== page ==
NYC4, the rice ortholog of Arabidopsis THF1, is involved in the degradation of chlorophyll - Protein complexes during leaf senescence

Hiroshi Yamatani, Yutaka Sato, Yu Masuda, Yusuke Kato, Ryouhei Morita, Kenji Fukunaga, Yoshiaki Nagamura, Minoru Nishimura, Wataru Sakamoto, Ayumi Tanaka, Makoto Kusaba

    Research output: Contribution to journalArticlepeer-review

    67 Citations (Scopus)

    Abstract

    Yellowing/chlorophyll breakdown is a prominent phenomenon in leaf senescence, and is associated with the degradation of chlorophyll - protein complexes. From a rice mutant population generated by ionizing radiation, we isolated nyc4-1, a stay-green mutant with a defect in chlorophyll breakdown during leaf senescence. Using gene mapping, nyc4-1 was found to be linked to two chromosomal regions. We extracted Os07g0558500 as a candidate for NYC4 via gene expression microarray analysis, and concluded from further evidence that disruption of the gene by a translocation-related event causes the nyc4 phenotype. Os07g0558500 is thought to be the ortholog of THF1 in Arabidopsis thaliana. The thf1 mutant leaves show variegation in a light intensity-dependent manner. Surprisingly, the Fv/Fm value remained high in nyc4-1 during the dark incubation, suggesting that photosystem II retained its function. Western blot analysis revealed that, in nyc4-1, the PSII core subunits D1 and D2 were significantly retained during leaf senescence in comparison with wild-type and other non-functional stay-green mutants, including sgr-2, a mutant of the key regulator of chlorophyll degradation SGR. The role of NYC4 in degradation of chlorophyll and chlorophyll - protein complexes during leaf senescence is discussed.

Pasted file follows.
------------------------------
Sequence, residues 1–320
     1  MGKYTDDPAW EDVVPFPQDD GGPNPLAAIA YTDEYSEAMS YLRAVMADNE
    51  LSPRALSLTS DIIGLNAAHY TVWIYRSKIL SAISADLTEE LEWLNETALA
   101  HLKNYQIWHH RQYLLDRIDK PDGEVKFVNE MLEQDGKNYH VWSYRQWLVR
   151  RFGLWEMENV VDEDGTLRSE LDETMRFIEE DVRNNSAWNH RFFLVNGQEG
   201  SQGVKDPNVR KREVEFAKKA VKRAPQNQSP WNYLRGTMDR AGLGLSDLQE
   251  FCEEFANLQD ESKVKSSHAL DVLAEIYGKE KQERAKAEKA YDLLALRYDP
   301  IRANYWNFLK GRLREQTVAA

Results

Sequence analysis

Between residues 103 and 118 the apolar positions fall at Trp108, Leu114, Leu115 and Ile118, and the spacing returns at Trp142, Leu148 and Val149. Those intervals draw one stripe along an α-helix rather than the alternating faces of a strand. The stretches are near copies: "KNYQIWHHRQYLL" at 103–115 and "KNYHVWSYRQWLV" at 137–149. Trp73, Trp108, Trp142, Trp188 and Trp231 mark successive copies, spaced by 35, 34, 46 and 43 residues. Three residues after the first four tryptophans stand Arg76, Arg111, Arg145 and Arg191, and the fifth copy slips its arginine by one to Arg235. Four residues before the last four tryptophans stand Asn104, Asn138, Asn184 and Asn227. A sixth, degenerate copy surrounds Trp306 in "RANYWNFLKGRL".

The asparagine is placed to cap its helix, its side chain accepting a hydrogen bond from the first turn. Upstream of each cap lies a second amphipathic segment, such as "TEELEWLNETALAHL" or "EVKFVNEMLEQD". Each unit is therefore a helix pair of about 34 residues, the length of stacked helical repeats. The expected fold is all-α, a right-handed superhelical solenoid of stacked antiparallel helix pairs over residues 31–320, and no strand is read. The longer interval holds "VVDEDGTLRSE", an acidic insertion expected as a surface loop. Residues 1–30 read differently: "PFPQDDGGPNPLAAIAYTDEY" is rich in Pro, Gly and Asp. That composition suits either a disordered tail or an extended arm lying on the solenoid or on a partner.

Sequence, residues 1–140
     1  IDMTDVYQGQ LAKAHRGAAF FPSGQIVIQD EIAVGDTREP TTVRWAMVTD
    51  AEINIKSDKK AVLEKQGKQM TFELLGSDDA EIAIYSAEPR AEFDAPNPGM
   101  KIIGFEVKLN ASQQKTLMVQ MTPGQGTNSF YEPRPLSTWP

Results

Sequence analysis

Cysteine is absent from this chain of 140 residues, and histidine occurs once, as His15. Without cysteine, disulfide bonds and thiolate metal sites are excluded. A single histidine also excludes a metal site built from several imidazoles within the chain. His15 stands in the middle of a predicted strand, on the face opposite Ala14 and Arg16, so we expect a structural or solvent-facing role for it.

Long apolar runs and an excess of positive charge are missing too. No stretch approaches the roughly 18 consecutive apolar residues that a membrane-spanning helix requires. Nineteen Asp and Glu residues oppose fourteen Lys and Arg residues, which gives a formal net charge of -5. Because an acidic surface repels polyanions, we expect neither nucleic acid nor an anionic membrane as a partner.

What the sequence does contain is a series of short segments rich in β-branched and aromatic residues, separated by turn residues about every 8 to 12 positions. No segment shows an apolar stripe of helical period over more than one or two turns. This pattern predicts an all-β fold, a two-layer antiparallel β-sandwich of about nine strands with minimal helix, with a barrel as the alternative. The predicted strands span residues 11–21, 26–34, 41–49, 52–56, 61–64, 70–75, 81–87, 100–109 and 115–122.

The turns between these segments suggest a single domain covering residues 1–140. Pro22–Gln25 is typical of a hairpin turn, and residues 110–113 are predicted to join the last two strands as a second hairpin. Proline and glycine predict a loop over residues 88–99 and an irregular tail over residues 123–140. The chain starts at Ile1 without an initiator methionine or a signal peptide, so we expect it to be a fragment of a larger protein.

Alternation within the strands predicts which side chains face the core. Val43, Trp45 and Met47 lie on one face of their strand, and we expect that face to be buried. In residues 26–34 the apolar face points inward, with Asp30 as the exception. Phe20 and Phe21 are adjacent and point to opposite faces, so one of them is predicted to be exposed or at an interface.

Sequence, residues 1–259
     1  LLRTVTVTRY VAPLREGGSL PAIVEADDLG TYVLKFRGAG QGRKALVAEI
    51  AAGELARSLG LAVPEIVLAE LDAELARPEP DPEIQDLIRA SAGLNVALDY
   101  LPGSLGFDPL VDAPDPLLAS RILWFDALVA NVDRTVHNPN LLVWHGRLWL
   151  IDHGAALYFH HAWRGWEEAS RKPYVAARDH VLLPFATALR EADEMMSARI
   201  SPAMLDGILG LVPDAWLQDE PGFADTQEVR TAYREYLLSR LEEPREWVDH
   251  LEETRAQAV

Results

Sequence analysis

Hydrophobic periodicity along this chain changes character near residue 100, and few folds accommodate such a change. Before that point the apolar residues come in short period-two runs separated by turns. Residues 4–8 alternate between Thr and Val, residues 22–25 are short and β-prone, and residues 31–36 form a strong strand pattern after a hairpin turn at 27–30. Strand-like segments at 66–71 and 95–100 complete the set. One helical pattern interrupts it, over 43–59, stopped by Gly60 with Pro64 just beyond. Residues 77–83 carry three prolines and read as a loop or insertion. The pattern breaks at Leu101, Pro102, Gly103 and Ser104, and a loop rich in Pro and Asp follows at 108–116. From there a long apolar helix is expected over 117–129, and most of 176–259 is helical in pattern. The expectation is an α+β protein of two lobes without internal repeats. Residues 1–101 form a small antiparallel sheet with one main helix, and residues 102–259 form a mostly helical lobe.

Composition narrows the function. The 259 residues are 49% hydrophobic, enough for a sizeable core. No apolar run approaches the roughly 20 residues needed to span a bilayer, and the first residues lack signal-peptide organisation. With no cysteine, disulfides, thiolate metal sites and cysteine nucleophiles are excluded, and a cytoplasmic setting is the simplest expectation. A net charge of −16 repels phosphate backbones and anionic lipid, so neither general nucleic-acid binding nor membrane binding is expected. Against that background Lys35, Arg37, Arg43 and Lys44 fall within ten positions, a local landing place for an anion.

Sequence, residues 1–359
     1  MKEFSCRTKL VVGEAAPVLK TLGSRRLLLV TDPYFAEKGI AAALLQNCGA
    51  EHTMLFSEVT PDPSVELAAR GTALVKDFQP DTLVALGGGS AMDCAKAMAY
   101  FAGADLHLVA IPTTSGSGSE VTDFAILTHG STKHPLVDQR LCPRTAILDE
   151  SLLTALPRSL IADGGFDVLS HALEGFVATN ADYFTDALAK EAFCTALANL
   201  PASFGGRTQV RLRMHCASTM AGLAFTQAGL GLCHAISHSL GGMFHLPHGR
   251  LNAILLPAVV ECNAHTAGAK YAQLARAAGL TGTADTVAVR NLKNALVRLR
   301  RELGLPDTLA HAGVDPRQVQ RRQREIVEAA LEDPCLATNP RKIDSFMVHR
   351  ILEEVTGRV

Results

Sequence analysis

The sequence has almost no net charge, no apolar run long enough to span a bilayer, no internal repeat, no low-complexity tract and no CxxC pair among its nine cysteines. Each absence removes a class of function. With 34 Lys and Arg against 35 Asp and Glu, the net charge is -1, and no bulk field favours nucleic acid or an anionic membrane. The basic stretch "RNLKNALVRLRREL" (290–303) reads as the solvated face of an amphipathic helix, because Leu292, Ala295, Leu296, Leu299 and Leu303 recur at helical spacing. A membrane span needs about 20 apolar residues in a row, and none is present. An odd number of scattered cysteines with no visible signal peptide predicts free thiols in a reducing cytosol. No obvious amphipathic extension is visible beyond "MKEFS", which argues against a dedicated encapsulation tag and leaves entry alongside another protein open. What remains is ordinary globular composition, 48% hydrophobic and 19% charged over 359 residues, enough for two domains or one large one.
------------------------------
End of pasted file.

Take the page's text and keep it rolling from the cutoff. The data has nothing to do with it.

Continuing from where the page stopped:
Original languageEnglish
    Pages (from-to)652-662
    Number of pages11
    JournalPlant Journal
    Volume74
    Issue number4
    DOIs
    Publication statusPublished - May 2013

    Keywords

    • D1 protein
    • Oryza sativa
    • chlorophyll breakdown
    • positional cloning
    • stay-green
    • translocation

    ASJC Scopus subject areas

    • Genetics
    • Plant Science
    • Cell Biology

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